Choosing what to plant in your garden is a thrilling and important decision. Your selection will depend on various factors, including your location, climate, and personal preferences.
It’s important though to take note of what you already purchase and eat. I’m not saying that you shouldn’t plant something you normally wouldn’t purchase, but planting what you already love to eat will save you money in the long run.
Starting from seed
Planting seeds offers the advantage of a wider variety of plant choices, including heirloom and unusual varieties. It can be a more cost-effective option, especially when growing a large number of plants. Starting from seeds also allows you to closely monitor and control the entire growth process, making it ideal for experienced gardeners.
We always start our garden with seeds we’ve collected from our own produce and purchased seeds.
Every fruit and veggie contains seeds that can be used to plant the following year. As long as you keep them in a cool, dry area, you can keep seeds for years and you will end up with an unlimited supply of seeds which in turn means an unlimited supply of food!
sowing seeds indoors vs outdoor
Starting seeds indoors can provide the ideal temperature, light, and moisture conditions for germination and early growth, regardless of outdoor weather. It’s especially valuable for regions with shorter growing seasons, as it enables you to cultivate a wider range of crops.
If you decide to start your seeds indoors, look for biodegradable seed pots. These are great because you’ll be able to plant the entire pot when the plants are ready to go outdoors. You’ll want to start your seeds indoors at least 6 weeks before the last frost. This will vary depending on your growing zone.
We prefer sowing seeds straight in-ground as our growing season is pretty long. We have found that seeds started outdoors grow quicker and are stronger than the plants that we’ve started indoors. Either way works well though and you will harvest plenty of produce.
If you’re going to start seeds outdoors, it’s best to wait to plant until a few weeks after the last frost to allow the ground to warm up.
Using Starter plants
Starter plants are essentially a shortcut to a more mature garden. They’ve already gone through the delicate germination and early growth stages, making them resilient and easier to establish in your garden beds. This is especially advantageous for beginners or those with busy schedules, as it reduces the initial care and attention required for seedlings.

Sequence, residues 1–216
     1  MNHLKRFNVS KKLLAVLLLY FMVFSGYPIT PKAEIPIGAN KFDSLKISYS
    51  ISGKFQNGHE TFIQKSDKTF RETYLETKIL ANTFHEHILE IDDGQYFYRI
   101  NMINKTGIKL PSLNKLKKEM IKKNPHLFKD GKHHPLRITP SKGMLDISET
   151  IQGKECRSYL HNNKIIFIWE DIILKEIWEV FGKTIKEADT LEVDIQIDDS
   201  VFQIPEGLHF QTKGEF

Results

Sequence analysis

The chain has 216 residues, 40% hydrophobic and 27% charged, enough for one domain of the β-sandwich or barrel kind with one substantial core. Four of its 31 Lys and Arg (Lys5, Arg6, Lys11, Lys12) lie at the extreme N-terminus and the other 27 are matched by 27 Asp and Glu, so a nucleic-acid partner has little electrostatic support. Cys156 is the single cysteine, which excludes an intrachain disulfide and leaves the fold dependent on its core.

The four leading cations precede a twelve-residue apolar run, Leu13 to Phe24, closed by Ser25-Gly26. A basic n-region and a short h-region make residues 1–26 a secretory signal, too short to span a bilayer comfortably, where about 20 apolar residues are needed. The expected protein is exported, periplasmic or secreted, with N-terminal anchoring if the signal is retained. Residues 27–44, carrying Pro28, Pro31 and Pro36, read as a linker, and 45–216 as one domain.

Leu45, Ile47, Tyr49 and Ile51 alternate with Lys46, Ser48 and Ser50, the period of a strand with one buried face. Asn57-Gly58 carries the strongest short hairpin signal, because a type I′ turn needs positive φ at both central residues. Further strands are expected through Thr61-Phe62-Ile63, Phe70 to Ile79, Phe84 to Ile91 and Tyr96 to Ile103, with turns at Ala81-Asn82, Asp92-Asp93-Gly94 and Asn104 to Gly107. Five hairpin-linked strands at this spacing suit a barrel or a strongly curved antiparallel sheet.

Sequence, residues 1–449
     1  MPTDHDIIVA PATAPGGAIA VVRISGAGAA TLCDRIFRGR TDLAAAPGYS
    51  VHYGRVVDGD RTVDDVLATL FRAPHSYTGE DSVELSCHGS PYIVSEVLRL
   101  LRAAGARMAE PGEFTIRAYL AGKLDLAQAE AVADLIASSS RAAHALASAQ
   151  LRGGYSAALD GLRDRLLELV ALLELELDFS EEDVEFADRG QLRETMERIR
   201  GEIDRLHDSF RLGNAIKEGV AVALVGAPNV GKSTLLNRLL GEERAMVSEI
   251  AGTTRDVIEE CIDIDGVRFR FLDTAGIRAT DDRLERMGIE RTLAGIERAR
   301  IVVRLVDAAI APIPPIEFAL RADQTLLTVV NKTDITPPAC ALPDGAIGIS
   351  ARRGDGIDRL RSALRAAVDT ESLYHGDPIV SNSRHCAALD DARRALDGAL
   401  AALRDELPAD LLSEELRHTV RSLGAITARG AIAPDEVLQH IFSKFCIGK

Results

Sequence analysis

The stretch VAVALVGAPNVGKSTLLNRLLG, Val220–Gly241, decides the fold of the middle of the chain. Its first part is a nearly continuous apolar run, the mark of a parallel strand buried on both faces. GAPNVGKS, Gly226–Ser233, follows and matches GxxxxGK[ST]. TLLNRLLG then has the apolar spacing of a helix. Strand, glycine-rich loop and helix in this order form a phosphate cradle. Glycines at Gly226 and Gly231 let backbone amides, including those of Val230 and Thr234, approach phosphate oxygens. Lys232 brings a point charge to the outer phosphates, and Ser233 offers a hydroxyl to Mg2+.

Starter plants can also provide assurance when growing specific crops or varieties with uncertain germination rates. While they might limit your choice to what is available at local nurseries, using starter plants is a reliable way to jumpstart your garden and ensure a successful harvest with less effort and uncertainty.
Companion planting is a gardening strategy that involves planting different species of plants in close proximity to one another to enhance their growth and protect them from pests.
By carefully selecting plant combinations, you can create a mutually beneficial environment in your garden. For example, planting marigolds with tomatoes can help deter nematodes, and placing basil near tomatoes can enhance their flavor and repel certain insects. Companion planting not only conserves space but also minimizes the need for pest control. It’s a natural, sustainable way to improve plant health and increase the overall productivity and biodiversity of your garden.
Here are a few examples of beneficial companion plant combinations:
Tomatoes and Basil: Planting basil near tomatoes can enhance the flavor of the tomatoes and repel common tomato pests like aphids and hornworms.
Beans and Corn: Growing beans up cornstalks provides natural support for the beans while fixing nitrogen in the soil, benefiting both crops.
Marigolds and Vegetables: Marigolds act as natural pest deterrents, making them excellent companions for various vegetables, including tomatoes, squash, and melons.
Cucumbers and Nasturtiums: Nasturtiums attract aphids away from cucumber plants, protecting them from these damaging insects.
Carrots and Onions: Onions can help repel carrot flies, reducing the risk of damage to your carrot crop.
Lettuce and Radishes: Interplanting lettuce and radishes not only maximizes space but also helps deter soil-borne pests that affect one another.
These are just a few examples of companion planting combinations, and the possibilities are endless. Experimenting with different plant partnerships can lead to a more harmonious and productive garden while reducing the need for pesticides.
Gardening is a lifelong journey. Learn from your successes and challenges, connect with other gardeners, and experiment with new varieties and techniques.